In any case, the board made the move anyway. The then chairman of the board John MacPherson told Nichols and Miller that the board had an obligation to address the accounts and that if the administrators had a better way to handle it, it was all ears. Spokesman Chad Baldwin told the Star-Tribune that the board wanted to pool all funds into centralized accounts that the trustees could control and control.
O'Toole said he suspected the move had more to do with the recent university report. financial problems. The Legislature cut more than $ 41 million from the university in the wake of the 2015 economic slowdown.
The board "had no idea what they were doing," O'Toole said. "Nobody really asked the question, 'Does this money work? Is this money doing things?' Yes, this is money we need to survive as departments."
It quickly became apparent that collecting this money was a mistake, Baldwin said. Some money, like federal grants, had conditions. Others were reserved for specific purposes.
At the July meeting, Trustee Dave Bostrom apologized.
"He stated that the trustees had thought they had asked the right questions, but noted that their action had created consternation throughout the campus," according to the minutes of that meeting. The trustees, Bostrom said, did not ask the right questions and did not understand the needs of the schools, nor did they understand the sources of the funds.
"When I do something, like doing a deep dive on a cliff, I would like to know what the possible consequences are," O'Toole said. "… It would be good for them to know that if they make a mistake, the error can be potentially serious … What we would really like to see is the little word:" I'm sorry. "But we're not going to do it."
The board began allocating dollars for the units and departments that lost chunks of money. Said Baldwin. But O'Toole said the faculty was "assuming the worst" and that they would get "cents from the dollar" compared to what they had previously.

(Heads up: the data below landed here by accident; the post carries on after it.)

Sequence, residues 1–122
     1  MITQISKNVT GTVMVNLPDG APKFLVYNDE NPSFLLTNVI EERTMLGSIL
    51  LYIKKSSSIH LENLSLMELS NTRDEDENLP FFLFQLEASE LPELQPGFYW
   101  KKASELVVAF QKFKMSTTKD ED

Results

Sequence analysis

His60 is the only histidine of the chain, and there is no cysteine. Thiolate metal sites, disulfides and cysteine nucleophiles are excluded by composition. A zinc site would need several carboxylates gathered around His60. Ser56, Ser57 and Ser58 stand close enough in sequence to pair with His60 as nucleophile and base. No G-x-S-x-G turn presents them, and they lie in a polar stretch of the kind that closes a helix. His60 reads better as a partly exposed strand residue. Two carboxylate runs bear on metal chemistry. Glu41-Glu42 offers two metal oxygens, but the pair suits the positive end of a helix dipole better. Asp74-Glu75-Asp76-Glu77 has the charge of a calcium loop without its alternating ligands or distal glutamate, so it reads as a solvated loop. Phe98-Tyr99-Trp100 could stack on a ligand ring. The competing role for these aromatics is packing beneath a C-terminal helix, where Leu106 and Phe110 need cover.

The council's decision may have had implications beyond altering the campus. O'Toole suggested that lawmakers raised funds for the university's Science Initiative because of the situation. Initially, legislators had committed to provide $ 100 million for the project. But the Senate reduced that. Burns said the sweep played a role in that decision.
He told the Star-Tribune last week that he did not think the centralization of money was a bad thing. But he said the Legislature did not know the university had almost $ 140 million in reserve accounts.
Eventually, lawmakers agreed to pay $ 85 million in the Science Initiative, and the university was entrusted with making the other $ 15 million. At one point, Burns said some senators wanted to grant UW less than $ 70 million.
True declined to speculate on the reasons for the Legislature, but said the board was informed that lawmakers had discussed the sweeping of the funds.
University officials have said that UW will use reserve funds to pay its $ 15 million stake in the Science Initiative. Baldwin said some of that money may come from swept accounts.
Multiple faculty members, who refused to speak at the registry for fear of reprisals, said they had no idea where the money went. O'Toole said that some units and departments did not realize they had lost money, or how much, until months later.
"The money disappeared," O'Toole said. "It just vaporized."
It is true, who stressed that he spoke only for himself and not for the entire board, acknowledged that there were "certainly things" that the council could have done differently.
"Certainly, one of the things that could have been handled better is a greater effort to identify funds that should not move," he said. "There were some reversals and reimbursements of some of the accounts that have been identified that really need to stay where they were."